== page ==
We’ll call this the open line. But there’s news today. Crowds marched in cities across the U.S. today to protest police mistreatment of black people. The crowds were huge in New York (above) and small (but vibrant) in Little Rock (below). The Washington, D.C. march also was robust.

The occasion is a good time to mention a deep article by Evan Demirel in Sporting Life Arkansas on Jonathan Williams, the Razorback football player, who apparently made history as the first athlete to make a “Don’t Shoot” gesture in a sporting event after a touchdown reception against Missouri. He’s pulled back from his public advocacy after a remonstrance from Coach Bret Bielema. But it remains an important and, for some, controversial event.


It shouldn’t be controversial. We tolerate symbolism of all sorts from college players, religious gestures particularly. The “I Can’t Breathe” messages being worn by some athletes have even been welcomed in some pro quarters as social awareness by ball players, whose lives, after all, are about more than playing ball.

The nasty critics of Jonathan Williams want to boil his gesture down and subject it to scrutiny as if he took a side on the conflicting — and by no means one-sided — testimony before the St. Louis grand jury on whether Michael Brown had his arms upraised when he was shot. The gesture has become — and will remain — a universal and readily understandable symbol, Demirel writes:


Williams hasn’t gone into detail about what he exactly meant by the gesture. Nationwide, many people have criticized the gesture he used as inaccurate, citing witnesses who have said Michael Brown did not actually raise his hands in a defenseless pose when a policeman shot him. The gesture, of course, was triggered by the circumstances surrounding a death in a St. Louis suburb but it ultimately isn’t about who did what, when and where in any one specific incident. On a higher level, it represents a way to give voice to concerns and fears that have frustrated millions of African Americans for centuries.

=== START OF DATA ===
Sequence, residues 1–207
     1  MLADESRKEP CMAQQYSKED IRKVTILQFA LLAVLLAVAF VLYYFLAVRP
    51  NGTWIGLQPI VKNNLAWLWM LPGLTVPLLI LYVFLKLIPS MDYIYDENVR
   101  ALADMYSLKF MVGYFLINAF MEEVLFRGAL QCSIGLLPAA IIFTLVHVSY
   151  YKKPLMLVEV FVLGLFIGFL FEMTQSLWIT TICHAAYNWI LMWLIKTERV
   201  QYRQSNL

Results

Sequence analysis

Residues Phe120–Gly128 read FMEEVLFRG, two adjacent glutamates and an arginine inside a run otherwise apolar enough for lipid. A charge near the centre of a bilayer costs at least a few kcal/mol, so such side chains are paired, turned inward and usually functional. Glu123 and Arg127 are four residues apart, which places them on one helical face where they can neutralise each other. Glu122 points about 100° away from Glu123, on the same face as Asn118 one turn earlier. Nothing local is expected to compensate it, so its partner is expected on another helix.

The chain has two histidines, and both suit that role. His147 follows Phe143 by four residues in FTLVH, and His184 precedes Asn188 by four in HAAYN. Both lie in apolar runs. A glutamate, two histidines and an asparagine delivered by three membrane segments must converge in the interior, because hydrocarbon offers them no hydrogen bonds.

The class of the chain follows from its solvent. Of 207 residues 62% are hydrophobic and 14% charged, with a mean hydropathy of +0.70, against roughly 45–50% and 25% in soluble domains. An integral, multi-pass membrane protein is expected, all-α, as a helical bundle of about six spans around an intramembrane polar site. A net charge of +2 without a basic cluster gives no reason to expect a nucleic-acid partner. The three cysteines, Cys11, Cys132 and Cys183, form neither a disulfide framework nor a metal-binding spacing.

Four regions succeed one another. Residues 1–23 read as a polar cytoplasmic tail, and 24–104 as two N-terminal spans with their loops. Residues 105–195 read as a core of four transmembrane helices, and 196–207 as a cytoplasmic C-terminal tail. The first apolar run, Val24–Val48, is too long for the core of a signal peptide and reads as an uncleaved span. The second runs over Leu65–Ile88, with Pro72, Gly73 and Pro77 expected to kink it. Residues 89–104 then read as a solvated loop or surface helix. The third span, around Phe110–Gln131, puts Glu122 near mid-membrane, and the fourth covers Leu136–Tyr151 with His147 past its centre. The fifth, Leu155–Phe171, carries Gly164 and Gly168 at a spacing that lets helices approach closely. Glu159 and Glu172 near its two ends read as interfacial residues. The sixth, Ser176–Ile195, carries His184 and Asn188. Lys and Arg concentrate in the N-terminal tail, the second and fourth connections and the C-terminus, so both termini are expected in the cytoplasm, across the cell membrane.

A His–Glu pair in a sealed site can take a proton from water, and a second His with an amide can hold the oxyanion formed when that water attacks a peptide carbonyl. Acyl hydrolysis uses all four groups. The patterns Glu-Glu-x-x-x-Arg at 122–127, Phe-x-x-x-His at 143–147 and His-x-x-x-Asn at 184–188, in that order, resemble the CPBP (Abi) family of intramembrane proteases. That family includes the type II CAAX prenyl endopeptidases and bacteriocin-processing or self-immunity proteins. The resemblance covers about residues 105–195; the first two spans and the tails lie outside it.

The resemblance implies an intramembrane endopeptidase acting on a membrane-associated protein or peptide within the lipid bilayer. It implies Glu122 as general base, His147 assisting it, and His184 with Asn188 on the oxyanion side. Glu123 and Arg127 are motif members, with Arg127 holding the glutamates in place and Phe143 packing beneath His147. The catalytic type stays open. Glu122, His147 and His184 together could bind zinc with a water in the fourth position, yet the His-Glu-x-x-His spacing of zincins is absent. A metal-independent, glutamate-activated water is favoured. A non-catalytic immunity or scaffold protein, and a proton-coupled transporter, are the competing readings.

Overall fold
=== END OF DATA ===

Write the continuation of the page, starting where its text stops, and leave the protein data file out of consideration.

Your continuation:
Yes. Too many unarmed black men lie dead, with no accountability for those who shot them in sometimes questionable circumstances. Little Rock has its own Michael Brown in Eugene Ellison, 67-year-old father of two Little Rock police officers, shot dead for raising a cane at two police officers who entered his apartment for no good reason, causing an unhappy reaction from him. The police investigation is marked by shoddy investigative work, special treatment of the cops who did the shooting and had relatives in the investigative unit and a lack of any public disapproval of their actions by city officials. You’d think somebody would have said by now that two armed police officers — who blundered into a private place they didn’t belong for no good reason — should have been sufficiently trained to subdue an old unarmed man without killing him. Yet the city of Little Rock continues to fight to represent the officers in a civil lawsuit, contending they should be immune for their actions. The city argues, laughably, that they acted in the interest of the well being of a man who was alive until they walked in. 

Jonathan Williams may be the last to put his hands in the air for the Hogs. But until the situation improves, expect to see more athletes’  hands in the air, including in real-life situations o the street. Whether it will be a protection against shooting resins to be seen.